With the under-17 Fifa World Cup in its final week, India have put up a good show hosting the tournament. Even though the Indian team got knocked out in the group stage, stadiums have seen quite the footfall to watch the other teams battle it out for the coveted trophy, with this edition on course to have most spectators.

With the under-17 World Cup having such impact, former Arsenal and England defender Sol Campbell feels that India have the capability of hosting the senior Fifa World Cup in future.

“Lots of people in India have a connection to football and Fifa have done a fantastic job here in giving them this tournament. I think that in the future, India would definitely be ready to host a Fifa World Cup. We’re obviously in a cricket-dominated country, but it could be done - the support would be there. There are over a billion people here, so I’m also sure that there’s enough potential for India to participate at a World Cup at some point in the future,” said Campbell in an interview with Fifa.com.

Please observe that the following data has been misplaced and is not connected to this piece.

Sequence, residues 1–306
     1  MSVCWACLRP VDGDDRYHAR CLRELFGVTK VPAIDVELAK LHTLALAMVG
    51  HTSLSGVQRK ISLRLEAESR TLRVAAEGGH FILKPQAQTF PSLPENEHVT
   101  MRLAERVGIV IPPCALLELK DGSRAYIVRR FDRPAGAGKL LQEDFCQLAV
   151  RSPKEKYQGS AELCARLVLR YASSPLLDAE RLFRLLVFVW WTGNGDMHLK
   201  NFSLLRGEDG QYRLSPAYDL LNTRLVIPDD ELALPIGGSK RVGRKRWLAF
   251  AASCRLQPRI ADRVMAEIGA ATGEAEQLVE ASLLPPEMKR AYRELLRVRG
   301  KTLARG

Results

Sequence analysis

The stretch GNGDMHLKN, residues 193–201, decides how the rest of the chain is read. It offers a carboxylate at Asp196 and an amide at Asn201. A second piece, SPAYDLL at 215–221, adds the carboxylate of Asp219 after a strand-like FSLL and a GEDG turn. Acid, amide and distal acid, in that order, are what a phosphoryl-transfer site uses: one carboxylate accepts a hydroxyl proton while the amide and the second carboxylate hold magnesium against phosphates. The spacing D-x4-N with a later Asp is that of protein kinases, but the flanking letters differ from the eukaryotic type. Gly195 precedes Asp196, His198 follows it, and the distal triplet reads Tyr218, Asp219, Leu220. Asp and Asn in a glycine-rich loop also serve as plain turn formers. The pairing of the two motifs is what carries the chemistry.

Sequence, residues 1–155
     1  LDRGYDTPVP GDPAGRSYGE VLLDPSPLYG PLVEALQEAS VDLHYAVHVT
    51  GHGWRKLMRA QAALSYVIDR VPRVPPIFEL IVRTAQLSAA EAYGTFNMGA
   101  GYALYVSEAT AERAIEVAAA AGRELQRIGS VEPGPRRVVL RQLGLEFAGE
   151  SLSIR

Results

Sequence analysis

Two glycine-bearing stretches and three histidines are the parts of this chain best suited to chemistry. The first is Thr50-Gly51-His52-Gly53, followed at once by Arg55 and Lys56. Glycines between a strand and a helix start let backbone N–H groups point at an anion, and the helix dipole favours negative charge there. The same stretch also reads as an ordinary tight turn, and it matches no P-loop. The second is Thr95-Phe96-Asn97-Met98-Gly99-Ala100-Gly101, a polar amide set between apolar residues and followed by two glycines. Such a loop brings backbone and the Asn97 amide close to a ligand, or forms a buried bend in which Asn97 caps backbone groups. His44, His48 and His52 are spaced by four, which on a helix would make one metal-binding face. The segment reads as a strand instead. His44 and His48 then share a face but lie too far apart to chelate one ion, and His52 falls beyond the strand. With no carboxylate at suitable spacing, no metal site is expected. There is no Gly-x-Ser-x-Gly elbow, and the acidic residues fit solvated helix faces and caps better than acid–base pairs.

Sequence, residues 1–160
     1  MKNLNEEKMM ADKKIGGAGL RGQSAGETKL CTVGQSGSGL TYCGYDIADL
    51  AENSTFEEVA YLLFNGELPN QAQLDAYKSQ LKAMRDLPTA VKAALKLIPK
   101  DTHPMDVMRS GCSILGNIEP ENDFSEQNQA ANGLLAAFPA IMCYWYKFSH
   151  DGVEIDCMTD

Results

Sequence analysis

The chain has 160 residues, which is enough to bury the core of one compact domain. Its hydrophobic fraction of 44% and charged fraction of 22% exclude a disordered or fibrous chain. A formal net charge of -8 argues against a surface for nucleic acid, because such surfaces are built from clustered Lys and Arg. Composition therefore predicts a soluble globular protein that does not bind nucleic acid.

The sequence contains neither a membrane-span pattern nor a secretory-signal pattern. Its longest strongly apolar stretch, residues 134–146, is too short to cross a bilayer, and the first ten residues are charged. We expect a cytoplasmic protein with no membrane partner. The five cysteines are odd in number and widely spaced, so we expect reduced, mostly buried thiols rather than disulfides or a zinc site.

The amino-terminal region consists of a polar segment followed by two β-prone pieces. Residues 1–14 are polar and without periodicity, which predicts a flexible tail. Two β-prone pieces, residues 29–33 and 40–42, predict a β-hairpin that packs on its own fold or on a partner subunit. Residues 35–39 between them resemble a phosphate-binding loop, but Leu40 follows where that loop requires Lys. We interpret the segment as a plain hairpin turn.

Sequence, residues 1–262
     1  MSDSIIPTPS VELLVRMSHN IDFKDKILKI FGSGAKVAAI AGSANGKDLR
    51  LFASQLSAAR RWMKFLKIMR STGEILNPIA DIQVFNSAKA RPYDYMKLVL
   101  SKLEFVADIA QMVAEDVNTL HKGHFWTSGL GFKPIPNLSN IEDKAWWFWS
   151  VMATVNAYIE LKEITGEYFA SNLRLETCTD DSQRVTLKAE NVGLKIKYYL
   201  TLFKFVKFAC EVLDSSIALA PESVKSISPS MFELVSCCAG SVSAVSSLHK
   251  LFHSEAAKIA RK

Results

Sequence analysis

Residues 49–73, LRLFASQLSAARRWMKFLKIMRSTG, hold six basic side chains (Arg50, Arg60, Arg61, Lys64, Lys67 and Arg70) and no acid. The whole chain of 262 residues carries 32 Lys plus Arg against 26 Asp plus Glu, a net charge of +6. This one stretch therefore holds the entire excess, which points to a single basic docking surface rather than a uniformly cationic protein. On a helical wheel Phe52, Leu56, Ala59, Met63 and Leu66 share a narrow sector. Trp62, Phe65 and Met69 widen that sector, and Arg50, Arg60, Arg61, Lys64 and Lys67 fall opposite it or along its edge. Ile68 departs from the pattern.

With England and Spain set to battle for the under-17 World Cup title in Kolkata on Sunday, Campbell feels that there is not much to choose between the two teams ahead of the fiery all-European clash.

“It will be an even match. Both teams have impressed so far and they already came up against each other at the European U-17 Championship. That game needed a penalty shootout to produce a winner, which shows that they’re evenly matched. Spain can play at a high tempo and they pass the ball confidently. England are very organised and will have to make sure to be “streetwise” in managing the game - that will be the challenge for them. As an Englishman, I’m obviously pleased to see them reach the final. It’s great to see how English youth football is improving,” said Campbell.

Member of the famous Arsenal invincible squad, Campbell was also all praise for the quality of football on show in the event so far.

“The players are only 16, 17 years old, which we shouldn’t forget. I saw a lot of good things in the semi-finals.,” he said. “The games moved quickly from defence to attack and there was often some high pressing to go with that. There’s a lot of energy on show, teams demand to have the ball and place a lot of importance on possession.”